This is a belated blog post for the episode ‘Playing Mrs De Winter… Rebecca By Daphne Du Maurier with Linzi from 33% Pulp’of the FrankenPod. Click here to add us into your podcast app!
First things first, I’m so grateful to Linzi for making the time to not only talk to me about the book but taking the time to reread it! Linzi’s amazing podcast is called 33% Pulp in which she, her cohost Daniel and a rotating third host recap a work of pulp fiction one third at a time. It is very funny and I listen to new episodes as soon as they come up in my podcast feed.
Linzi shares some very interesting theories and insights into this amazingly ambiguous text and talks about how her view of the novel has changed since her first reading.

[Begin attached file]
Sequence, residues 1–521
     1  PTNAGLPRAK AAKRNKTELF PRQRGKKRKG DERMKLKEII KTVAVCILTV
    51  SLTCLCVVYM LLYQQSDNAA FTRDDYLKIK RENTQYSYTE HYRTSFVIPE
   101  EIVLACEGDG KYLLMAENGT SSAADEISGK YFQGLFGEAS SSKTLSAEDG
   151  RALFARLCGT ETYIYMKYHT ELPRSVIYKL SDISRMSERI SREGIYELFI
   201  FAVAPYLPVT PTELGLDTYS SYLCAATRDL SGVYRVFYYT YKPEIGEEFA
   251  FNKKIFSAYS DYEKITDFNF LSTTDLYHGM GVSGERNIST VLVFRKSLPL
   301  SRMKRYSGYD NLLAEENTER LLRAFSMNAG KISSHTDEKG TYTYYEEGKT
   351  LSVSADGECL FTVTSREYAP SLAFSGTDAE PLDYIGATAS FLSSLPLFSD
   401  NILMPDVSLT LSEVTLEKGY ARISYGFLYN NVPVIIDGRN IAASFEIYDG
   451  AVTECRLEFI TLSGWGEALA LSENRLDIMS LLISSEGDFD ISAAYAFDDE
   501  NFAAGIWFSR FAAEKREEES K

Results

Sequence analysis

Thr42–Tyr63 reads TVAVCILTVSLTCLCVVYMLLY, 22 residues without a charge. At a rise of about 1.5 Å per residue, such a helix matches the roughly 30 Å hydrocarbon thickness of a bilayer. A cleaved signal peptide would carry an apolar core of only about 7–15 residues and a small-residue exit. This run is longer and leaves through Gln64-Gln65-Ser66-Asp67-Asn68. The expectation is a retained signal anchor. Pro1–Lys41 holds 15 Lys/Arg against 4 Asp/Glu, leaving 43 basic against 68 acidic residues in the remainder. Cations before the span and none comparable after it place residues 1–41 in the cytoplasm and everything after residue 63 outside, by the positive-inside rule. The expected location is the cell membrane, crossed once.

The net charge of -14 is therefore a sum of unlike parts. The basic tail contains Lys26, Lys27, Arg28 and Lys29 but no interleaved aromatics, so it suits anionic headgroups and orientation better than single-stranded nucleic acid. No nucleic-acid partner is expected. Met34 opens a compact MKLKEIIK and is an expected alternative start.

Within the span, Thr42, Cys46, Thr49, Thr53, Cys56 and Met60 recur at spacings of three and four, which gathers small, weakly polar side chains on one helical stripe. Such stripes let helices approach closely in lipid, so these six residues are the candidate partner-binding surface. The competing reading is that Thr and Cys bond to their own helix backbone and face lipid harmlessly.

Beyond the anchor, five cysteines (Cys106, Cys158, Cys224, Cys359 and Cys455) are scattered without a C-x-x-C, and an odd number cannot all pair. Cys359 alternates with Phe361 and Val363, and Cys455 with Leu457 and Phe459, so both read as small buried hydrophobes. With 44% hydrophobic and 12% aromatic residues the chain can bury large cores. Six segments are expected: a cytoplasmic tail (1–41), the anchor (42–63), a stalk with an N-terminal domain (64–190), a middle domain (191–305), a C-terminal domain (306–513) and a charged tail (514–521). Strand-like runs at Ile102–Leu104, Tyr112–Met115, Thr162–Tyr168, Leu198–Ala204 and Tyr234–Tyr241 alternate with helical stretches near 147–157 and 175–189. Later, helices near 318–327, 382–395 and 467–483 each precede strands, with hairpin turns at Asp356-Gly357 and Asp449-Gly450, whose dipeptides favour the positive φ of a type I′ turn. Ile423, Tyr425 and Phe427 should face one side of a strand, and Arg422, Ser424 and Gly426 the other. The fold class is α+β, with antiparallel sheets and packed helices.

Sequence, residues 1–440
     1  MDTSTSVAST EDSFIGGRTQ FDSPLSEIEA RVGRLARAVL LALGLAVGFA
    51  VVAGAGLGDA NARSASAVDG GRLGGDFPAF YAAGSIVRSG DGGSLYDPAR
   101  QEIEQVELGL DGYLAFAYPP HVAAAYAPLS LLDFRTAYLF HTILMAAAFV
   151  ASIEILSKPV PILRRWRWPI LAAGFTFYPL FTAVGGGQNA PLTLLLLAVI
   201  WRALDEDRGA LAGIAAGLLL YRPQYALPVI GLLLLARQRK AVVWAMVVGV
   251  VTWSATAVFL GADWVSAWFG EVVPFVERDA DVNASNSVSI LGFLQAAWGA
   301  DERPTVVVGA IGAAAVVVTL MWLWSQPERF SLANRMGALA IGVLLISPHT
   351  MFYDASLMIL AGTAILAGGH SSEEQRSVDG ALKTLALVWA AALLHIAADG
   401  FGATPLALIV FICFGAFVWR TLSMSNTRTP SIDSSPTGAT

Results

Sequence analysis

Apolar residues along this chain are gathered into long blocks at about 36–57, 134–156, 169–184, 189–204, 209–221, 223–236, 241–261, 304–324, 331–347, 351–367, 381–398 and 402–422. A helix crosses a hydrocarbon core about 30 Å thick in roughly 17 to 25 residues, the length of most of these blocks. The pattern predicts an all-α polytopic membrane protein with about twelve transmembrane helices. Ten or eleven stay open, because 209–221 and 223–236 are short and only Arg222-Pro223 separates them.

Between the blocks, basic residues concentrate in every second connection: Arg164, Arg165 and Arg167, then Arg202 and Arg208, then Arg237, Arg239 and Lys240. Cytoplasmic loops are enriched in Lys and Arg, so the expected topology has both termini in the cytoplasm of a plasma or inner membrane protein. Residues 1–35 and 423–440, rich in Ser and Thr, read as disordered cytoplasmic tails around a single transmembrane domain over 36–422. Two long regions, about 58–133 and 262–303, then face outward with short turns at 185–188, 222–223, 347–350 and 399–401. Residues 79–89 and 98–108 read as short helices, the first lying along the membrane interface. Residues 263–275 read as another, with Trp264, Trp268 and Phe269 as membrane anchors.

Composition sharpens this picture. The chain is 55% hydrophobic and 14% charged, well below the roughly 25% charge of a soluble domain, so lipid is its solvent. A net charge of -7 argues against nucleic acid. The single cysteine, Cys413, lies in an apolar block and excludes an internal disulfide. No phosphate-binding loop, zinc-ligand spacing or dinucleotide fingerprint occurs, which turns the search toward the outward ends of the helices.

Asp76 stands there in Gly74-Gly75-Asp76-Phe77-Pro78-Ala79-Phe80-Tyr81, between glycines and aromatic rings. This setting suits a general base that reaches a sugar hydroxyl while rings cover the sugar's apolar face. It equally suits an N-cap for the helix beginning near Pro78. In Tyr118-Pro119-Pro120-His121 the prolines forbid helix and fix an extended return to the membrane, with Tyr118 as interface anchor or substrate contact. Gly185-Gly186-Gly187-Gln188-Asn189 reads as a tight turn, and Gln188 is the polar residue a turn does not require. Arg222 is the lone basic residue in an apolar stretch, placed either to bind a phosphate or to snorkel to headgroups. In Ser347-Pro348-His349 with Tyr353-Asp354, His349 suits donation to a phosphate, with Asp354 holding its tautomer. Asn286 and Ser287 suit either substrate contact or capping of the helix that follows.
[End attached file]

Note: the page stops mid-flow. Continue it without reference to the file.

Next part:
Never read Rebecca?
‘Rebecca’ was released in 1938 and owes much of its success to the possible straight romantic reading, but when you complicate the narrative by drawing attention to the unreliable narrator and the subversive themes that hide just below the surface there is something very strange, gothic and wonderful going on.
An unnamed young girl with no family meets a dark, broody Mr Rochester of Jane Eyre type, the widower Mr Maximillian Dewinter type while in Monte Carlo, he proposes to her after like a week or two and they go to his estate and Mansion Mandalay.
His first wife called him Max but he tells our named narrator she must call him Maxim
But the first Mrs De winter, the titular Rebecca has not quite left. Her presence is felt everywhere and her former personal maid Mrs Danvers is of the firm opinion that our unnamed narrator has in someway usurped Rebecca’s role in the house and we as readers think that this is going to be the plot, the pseudo haunting of the unnamed narrator by the more elegant, sophisticated and attractive Rebecca. But…